Category Archives: Chanukah

Miketz: Letting yourself dream

OriginalThe beginning of this week’s Torah portion, Miketz, describes two of Pharaoh’s dreams. First he dreamed about seven healthy cows who got devoured by seven gaunt cows. Then he dreamed about seven healthy ears of grain that got devoured by seven thin gaunt ears. Disconcerting images.

Both times, he woke and realized he’d been dreaming. And then one of his servants remembered the fellow named Joseph, languishing in prison, who was able to interpret dreams. And so Joseph was released from prison, and brought to Pharaoh to help him understand the meaning of his dreaming.

The teacher of my teachers, Reb Zalman z”l, wrote:

When my daughter, Shel, was 8 years old, she asked me, “Abba, when you’re asleep, you can wake up, right? When you are awake, can you wake up even more?”

(– Expanded Awareness and Extended Consciousness)

The answer, of course, is yes. Yes, we can wake up more. We can wake from complacency. We can wake from routine. We can wake from taking things for granted. We can wake to hope and to wonder. That’s the good news. The frustrating news is that such awakenings are rarely permanent. We wake from complacency and recognize that if we want a morerighteous world, we have to build it… and then we forget. We wake from routine and recognize that being alive is a miracle… and then we forget.

This is spiritual life: being awakened into awareness, and then falling out of awareness, and then awakening again. None of us can live in a perennial state of gadlut, expansive consciousness. The great thing about the fact that we keep falling asleep is that we can also keep waking up. We’re designed to keep waking up. I posit to you that being “asleep” isn’t actually a bad thing. Spiritually, maybe we need the oscillation between forgetting and remembering. And maybe being “asleep” helps us daydream.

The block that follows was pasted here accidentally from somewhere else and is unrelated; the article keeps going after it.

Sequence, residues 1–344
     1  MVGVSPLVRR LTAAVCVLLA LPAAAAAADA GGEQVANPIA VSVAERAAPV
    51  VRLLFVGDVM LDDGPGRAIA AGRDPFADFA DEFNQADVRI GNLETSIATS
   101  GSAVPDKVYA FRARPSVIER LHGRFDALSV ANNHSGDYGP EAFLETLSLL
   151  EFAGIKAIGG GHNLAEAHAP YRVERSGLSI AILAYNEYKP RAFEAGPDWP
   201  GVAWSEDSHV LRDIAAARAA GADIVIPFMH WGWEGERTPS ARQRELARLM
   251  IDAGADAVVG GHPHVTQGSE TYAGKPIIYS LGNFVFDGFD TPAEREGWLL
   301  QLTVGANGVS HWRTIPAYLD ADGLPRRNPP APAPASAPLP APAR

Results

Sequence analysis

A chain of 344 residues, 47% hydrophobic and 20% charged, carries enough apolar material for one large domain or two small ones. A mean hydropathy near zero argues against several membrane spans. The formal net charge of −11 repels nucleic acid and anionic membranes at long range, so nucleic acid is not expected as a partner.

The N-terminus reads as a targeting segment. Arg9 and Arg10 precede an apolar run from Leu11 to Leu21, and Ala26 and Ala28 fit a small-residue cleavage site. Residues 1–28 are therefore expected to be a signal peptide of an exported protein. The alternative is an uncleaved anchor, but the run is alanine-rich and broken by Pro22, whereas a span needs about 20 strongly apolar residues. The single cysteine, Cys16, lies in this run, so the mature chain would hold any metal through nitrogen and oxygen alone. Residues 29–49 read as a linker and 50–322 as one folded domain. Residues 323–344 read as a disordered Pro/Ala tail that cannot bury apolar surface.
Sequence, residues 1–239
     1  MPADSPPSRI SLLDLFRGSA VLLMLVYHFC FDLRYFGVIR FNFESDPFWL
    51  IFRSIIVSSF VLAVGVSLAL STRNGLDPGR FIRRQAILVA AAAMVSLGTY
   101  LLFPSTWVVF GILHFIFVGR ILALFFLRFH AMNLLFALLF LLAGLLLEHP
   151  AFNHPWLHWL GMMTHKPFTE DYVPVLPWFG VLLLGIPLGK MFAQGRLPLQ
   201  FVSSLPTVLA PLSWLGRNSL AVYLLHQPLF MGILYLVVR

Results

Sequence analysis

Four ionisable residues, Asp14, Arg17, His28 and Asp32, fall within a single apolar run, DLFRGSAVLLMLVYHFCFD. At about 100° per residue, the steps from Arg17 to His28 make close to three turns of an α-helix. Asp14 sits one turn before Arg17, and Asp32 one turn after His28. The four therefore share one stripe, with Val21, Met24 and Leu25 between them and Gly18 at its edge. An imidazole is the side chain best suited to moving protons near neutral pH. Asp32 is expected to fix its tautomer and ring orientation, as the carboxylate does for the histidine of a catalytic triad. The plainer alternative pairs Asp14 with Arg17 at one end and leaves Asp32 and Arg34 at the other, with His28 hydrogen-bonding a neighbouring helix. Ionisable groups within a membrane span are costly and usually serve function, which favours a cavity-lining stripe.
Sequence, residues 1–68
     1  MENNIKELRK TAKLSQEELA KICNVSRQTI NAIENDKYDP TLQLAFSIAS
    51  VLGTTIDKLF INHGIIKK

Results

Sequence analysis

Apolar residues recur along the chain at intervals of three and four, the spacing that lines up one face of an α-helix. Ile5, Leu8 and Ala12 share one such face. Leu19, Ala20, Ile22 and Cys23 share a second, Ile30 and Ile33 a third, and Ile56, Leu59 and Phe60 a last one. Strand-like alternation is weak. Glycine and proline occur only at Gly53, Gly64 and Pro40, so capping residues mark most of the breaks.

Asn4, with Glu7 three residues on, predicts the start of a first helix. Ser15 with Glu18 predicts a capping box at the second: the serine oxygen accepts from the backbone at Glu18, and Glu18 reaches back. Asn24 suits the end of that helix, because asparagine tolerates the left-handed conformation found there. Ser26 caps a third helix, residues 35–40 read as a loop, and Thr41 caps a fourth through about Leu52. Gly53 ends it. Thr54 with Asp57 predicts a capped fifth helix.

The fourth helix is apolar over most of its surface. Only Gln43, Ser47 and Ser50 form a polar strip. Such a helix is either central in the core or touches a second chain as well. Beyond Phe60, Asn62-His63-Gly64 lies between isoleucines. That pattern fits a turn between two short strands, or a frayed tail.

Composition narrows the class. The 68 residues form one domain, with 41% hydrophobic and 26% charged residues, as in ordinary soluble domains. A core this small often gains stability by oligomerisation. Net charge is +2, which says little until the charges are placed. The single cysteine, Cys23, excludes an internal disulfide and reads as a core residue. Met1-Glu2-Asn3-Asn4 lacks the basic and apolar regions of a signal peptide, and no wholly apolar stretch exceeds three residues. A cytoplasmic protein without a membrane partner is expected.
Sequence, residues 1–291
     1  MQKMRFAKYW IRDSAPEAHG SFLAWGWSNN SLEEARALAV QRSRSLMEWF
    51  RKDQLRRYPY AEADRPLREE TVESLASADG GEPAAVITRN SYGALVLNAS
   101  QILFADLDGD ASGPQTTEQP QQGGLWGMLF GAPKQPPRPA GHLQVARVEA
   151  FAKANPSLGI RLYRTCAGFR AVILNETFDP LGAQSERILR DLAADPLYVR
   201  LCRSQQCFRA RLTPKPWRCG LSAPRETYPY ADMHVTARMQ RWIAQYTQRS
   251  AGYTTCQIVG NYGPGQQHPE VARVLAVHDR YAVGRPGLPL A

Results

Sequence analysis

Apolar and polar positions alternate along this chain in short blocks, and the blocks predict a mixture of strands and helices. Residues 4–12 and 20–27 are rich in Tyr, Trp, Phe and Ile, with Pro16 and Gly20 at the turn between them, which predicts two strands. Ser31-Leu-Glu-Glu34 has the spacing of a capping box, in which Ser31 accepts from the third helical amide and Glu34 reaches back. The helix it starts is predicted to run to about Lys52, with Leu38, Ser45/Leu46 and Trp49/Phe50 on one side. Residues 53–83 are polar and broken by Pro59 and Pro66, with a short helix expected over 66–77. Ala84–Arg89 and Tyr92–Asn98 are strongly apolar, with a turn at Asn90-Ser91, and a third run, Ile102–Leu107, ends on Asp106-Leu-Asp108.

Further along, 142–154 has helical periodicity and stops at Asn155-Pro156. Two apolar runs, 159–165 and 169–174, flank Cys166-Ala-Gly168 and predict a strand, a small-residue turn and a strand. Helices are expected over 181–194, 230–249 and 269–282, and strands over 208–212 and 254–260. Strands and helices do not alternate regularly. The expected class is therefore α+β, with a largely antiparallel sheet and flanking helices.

Pharaoh was troubled by his dreams. We’ve all had that experience: a recurring dream that sticks with us long after the day’s first cup of coffee. We wonder: what is the dream trying to tell us? What does it mean? My friend and teacher Rodger Kamenetz, author of The History of Last Night’s Dream, teaches that dreams aren’t “texts” to be “interpreted.” Rather, they’re landscapes of feeling. They can give us deep access to our emotions. (If this interests you, learn more about his practice of dreamwork.)

I wonder what would happen if we approached our waking dreams the way Rodger suggests approaching our sleeping dreams: entering the emotional landscape of the reverie, with a trusted guide and companion, and seeing what we can learn from that exploration of our yearnings. Waking reveries are different from nighttime dreams, but I think we should treat our daydreams with the same presumption of depth and meaning that we bring to thinking about the dreams that play out while we sleep.

I think our daydreams can tell us a lot about what we yearn for: not what we think we’re “supposed” to want, but what our hearts and souls actually crave. Maybe we ache for love, or for comfort, or for justice, or for being fully uplifted in all that we are. But most of us are taught, in a variety of ways, not to credit those yearnings. What would happen if we chose to wake up: not from those dreams, but with those dreams? What would happen if we brought our daydreams more fully into our waking lives?

We always reach parashat Miketz at this time of year. I imagine there’s something different, psycho-spiritually, about reading Miketz in Australia or Argentina where right now it’s high summer. Where I live, this is a season of deepening winter. Long nights, short days, battening down the hatches… Winter’s a great time to hunker down and pay attention to our dreams — the sleeping ones, and the waking ones — to see what they tell us about what we fear, and what we love, and what we yearn for.

What do you dream of: for yourself? For your family, whether blood or chosen? For your community? For your world?

If we allow ourselves to face our yearnings, we also have to face fear that our yearnings might not come to pass. The dreams of our hearts are tender. (If you’re going to delve into them, I hope you do so with a trusted guide, maybe a therapist or spiritual director.) When Joseph helped Pharaoh understand his dreams, Pharaoh made decisions about the future of his nation (and ours, too). What changes might we make if we took our own dreams seriously — the sleeping ones, and the waking ones too?

May this winter give you us space and safety we need to look at what we yearn for… and may we find the inner reserves of fuel we need in order to make those dreams come true.

 

With gratitude to my hevruta partner for opening up for me these connections between Miketz and dream.

Cross-posted to Velveteen Rabbi.

 

Shavua tov! Looking forward to Shabbat Miketz and to Chanukah!

return-to-shabbatShavua tov — a good new week to you.